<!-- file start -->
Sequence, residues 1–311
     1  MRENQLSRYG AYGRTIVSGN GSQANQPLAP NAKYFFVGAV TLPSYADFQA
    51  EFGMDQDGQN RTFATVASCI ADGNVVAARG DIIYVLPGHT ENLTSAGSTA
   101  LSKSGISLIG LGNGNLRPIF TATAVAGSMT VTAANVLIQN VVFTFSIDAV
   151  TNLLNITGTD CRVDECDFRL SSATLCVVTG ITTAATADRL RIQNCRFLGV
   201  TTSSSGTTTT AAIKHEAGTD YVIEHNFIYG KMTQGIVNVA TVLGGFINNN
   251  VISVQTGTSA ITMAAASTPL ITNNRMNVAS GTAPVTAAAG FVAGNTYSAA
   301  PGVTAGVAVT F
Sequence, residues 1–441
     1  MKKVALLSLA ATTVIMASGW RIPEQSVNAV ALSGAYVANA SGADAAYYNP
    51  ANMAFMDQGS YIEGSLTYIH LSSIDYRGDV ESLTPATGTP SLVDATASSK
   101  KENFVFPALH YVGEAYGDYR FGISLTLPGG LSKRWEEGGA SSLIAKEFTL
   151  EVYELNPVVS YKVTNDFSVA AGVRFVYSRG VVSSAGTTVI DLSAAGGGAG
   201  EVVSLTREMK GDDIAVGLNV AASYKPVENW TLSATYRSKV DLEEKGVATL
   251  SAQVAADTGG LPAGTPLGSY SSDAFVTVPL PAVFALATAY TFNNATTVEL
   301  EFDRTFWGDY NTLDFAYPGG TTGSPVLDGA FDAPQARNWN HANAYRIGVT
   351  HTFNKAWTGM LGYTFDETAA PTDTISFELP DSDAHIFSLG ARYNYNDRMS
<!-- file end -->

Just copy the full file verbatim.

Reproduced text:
Sequence, residues 1–311
     1  MRENQLSRYG AYGRTIVSGN GSQANQPLAP NAKYFFVGAV TLPSYADFQA
    51  EFGMDQDGQN RTFATVASCI ADGNVVAARG DIIYVLPGHT ENLTSAGSTA
   101  LSKSGISLIG LGNGNLRPIF TATAVAGSMT VTAANVLIQN VVFTFSIDAV
   151  TNLLNITGTD CRVDECDFRL SSATLCVVTG ITTAATADRL RIQNCRFLGV
   201  TTSSSGTTTT AAIKHEAGTD YVIEHNFIYG KMTQGIVNVA TVLGGFINNN
   251  VISVQTGTSA ITMAAASTPL ITNNRMNVAS GTAPVTAAAG FVAGNTYSAA
   301  PGVTAGVAVT F
Sequence, residues 1–441
     1  MKKVALLSLA ATTVIMASGW RIPEQSVNAV ALSGAYVANA SGADAAYYNP
    51  ANMAFMDQGS YIEGSLTYIH LSSIDYRGDV ESLTPATGTP SLVDATASSK
   101  KENFVFPALH YVGEAYGDYR FGISLTLPGG LSKRWEEGGA SSLIAKEFTL
   151  EVYELNPVVS YKVTNDFSVA AGVRFVYSRG VVSSAGTTVI DLSAAGGGAG
   201  EVVSLTREMK GDDIAVGLNV AASYKPVENW TLSATYRSKV DLEEKGVATL
   251  SAQVAADTGG LPAGTPLGSY SSDAFVTVPL PAVFALATAY TFNNATTVEL
   301  EFDRTFWGDY NTLDFAYPGG TTGSPVLDGA FDAPQARNWN HANAYRIGVT
   351  HTFNKAWTGM LGYTFDETAA PTDTISFELP DSDAHIFSLG ARYNYNDRMS